Barkha had a few times tweeted about the “delay” in completing her work; It actually works out in her favor as she had the opportunity to include the most recent incidents such as Dadri and intolerance in her book.  I suspect if the book had been launched, say six month earlier, the epilogue may either not be there or may have seen a different ending.

I have reserved the “Chronicle of Kashmir” for a later read, as I found it hampering my flow of reading ; the other chapters I felt were connecting to the dot and I didn’t want to change directions.

In the last 12 months or so, I have read Rajdeep Sardesai’s much touted “Elections 2014” – and now much translated too – book and Vir Sanghvi’s “Mandate” ( a book that I finished during my flight from Bangalore to Delhi). If I am forced to rank, I’d rank Barkha’s book a shade better than Vir’s work and certainly much better than Rajdeep’s.

The only mild criticism that I have is that there’s no humor in the book, I am sure she had scope for it in plenty especially in the chapter about the Gandhis, Modi and Kejriwal. The only moment that I noted was her wry comment about how the social media created “2 Kashmiri husbands” for her that she never had.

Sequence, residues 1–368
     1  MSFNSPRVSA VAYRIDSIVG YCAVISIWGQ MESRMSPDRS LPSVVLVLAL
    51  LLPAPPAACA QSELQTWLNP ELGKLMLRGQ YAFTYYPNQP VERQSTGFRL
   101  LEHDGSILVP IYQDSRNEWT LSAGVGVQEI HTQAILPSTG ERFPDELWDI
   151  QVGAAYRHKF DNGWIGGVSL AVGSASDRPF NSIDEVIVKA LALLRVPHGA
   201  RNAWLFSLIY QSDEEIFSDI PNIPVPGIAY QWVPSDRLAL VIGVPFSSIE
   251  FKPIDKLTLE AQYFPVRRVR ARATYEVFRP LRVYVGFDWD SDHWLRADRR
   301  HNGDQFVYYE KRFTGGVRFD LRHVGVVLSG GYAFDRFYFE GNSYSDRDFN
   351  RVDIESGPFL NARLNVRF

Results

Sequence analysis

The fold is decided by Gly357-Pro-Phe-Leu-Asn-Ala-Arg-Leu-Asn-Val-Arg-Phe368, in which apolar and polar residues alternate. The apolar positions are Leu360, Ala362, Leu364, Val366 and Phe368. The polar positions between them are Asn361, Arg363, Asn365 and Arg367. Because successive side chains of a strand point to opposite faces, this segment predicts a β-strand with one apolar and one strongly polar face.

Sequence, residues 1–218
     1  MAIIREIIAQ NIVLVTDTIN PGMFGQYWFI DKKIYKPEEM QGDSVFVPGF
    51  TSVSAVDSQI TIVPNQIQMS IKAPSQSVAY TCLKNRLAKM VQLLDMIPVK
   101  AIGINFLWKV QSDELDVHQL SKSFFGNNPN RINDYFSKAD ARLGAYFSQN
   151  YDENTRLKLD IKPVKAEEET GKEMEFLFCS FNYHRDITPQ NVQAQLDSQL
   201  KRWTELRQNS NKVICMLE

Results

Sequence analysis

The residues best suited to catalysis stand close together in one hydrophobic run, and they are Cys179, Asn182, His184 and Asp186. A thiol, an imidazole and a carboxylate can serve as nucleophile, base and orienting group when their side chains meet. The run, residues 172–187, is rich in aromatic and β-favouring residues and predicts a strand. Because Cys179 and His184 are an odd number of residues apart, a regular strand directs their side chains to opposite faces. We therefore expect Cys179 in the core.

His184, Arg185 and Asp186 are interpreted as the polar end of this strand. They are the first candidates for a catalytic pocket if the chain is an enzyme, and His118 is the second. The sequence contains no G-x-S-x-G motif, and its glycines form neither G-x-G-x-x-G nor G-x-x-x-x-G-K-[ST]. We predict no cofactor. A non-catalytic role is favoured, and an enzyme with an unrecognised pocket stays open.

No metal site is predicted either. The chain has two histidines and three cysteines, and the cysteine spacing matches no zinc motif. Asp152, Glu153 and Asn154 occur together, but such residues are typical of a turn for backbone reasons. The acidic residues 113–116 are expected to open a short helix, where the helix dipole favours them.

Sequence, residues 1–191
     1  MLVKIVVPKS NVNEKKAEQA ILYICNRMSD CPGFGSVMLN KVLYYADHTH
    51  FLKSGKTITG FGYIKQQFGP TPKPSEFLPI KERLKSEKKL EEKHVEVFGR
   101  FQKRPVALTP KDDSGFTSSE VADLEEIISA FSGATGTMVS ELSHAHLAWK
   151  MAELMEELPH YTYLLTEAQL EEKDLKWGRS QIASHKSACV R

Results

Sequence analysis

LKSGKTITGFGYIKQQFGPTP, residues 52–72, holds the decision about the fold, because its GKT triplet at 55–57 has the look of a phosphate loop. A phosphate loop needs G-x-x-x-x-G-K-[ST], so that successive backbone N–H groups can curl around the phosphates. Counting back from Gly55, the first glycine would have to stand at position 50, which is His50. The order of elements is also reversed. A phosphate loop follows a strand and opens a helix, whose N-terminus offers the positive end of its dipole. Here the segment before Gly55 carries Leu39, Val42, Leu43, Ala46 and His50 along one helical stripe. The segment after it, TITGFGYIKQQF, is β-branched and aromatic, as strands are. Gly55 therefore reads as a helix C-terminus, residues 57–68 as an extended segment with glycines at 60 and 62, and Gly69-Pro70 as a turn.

Barkha’s book has a strong heart and a strong mind and for most portions holds a mirror for all of us, Indians.

She says loud and clear through her book that it is “We the people” that make or break this wonderful country of ours, India.



வடிந்து விடு வெள்ளமே

இயற்கையை பகைத்த
முட்டாள்கள் நாங்கள்
விளை நிலங்களை விற்று தீர்த்த
வீணர்கள் நாங்கள்
ஆற்று மணல்களை அள்ளிய
திருடர்கள் நாங்கள்
காசுக்காக காவாய்களை கவனிக்காமல் விட்ட
கயவர்கள் நாங்கள்
தங்கமாகிய மரங்களை அழித்த
தரங் கெட்டவர்கள் நாங்கள்

மன்னிப்பு கோர முடியாமல்
தலை கவிழ்ந்து நிற்கிறோம்

உங்களுக்கா கருணை எனும்
உன் எக்காளம் கேட்கிறது

நமுத்து போன விரல்களால்
உன்னை வணங்க கூட இயலவில்லை

நாங்கள் விட்டொழித்த வெட்கம்
மீண்டும் வரப்போவதுமில்லை

வடிந்து விடு வெள்ளமே

எங்கள் பிள்ளைகளுக்காக
எஞ்சி இருக்கும் பறவைகளுக்காக
நாங்கள் நல்லவர்கள் என நம்பிகொண்டிருக்கும்
நாய்கள், பூனைகள் , பசுக்களுக்காக

மிச்சமிருக்கும் மனிதநேயத்தை
தக்க வைக்கவாவது
வடிந்து விடு வெள்ளமே